Nearly nine years into the Afghan war, many small valleys in mountainous eastern Afghanistan remain mostly off limits to NATO and Afghan troops. In their absence, smugglers, isolationists and religious extremists dominate. The U.S. Army recently launched a mission to re-establish a presence in one dangerous valley.
These soldiers with the 503rd Infantry Regiment face a risky mission. They intend to drive deep into the Chowkay Valley in eastern Kunar province, along Afghanistan's border with Pakistan. NATO and Afghan government forces have avoided the region for years.
The Chowkay lies beyond the so-called "red line," that marks the allies' area of control. Here, the Taliban and other armed groups are the real powers. Farmers grow poppies, for the heroin that funds the Taliban insurgency.
When NATO troops cross the red line, the fighting is often fierce.
Captain Joe Snowden leads today's patrol. While his soldiers focus on defending against attack, he channels his energies towards a more complex challenge: bridging the cultural gap between NATO and the valley's Pashtun residents. "One of the biggest challenges we have has to do with the cultural differences. The Pashtun population is challenging by nature in the way they look at life. Corruption is a daily affair, one of the things that doesn't strike them as odd," he said.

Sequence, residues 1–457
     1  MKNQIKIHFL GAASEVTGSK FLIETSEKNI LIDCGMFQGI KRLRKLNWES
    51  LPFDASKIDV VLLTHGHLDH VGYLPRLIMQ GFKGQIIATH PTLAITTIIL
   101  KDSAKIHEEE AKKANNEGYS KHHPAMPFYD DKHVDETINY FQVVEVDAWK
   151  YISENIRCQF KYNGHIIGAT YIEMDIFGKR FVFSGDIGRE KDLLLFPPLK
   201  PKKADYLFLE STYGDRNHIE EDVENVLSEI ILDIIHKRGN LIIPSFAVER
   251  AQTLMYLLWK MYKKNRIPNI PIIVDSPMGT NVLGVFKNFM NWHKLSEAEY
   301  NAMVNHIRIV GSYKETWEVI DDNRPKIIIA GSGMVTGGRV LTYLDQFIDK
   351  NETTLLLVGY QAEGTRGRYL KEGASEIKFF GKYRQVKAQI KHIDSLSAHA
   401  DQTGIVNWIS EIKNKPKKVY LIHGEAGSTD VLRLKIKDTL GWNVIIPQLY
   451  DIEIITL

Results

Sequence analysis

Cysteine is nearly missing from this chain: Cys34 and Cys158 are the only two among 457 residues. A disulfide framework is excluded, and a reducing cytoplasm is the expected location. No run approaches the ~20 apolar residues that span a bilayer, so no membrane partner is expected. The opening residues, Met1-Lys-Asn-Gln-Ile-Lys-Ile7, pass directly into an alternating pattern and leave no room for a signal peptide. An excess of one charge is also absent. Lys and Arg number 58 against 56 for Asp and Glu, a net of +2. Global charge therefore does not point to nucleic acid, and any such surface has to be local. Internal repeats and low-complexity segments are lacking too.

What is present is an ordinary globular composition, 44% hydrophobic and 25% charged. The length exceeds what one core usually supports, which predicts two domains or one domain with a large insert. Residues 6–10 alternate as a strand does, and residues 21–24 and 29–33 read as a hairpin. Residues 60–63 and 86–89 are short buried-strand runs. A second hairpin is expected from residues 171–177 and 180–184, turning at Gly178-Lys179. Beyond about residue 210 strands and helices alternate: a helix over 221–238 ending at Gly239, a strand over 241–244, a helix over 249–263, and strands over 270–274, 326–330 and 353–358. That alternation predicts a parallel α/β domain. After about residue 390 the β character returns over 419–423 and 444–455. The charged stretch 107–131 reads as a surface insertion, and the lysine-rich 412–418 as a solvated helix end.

The soldiers infiltrate the valley under the cover of gunship helicopters.
They keep watch while Snowden's team of agricultural experts meets with village elders, trying to convince them to stop growing poppies.
Enemy fighters soon surround the Americans, forcing them to withdraw. The helicopters fire white-phosphorous rockets as the soldiers retreat.
At a second meeting in a safer part of the valley, Snowden repeats his message. "We know for a fact those poppies, and where those poppies go when they leave this valley, gets a lot of money for foreign fighters and it funds their bullets, funds their guns. ... If an alternative to poppies were available, would you be interested in growing it?"
The elders only laugh. The soldiers leave without making any clear progress.
In the absence of a larger NATO or Afghan government presence, Snowden says the only option is to keep trying to work through the elders. "These folks are still in a tribal system. We have to work with that system. ... If I lose the tribes, I lose that as base of power," he said.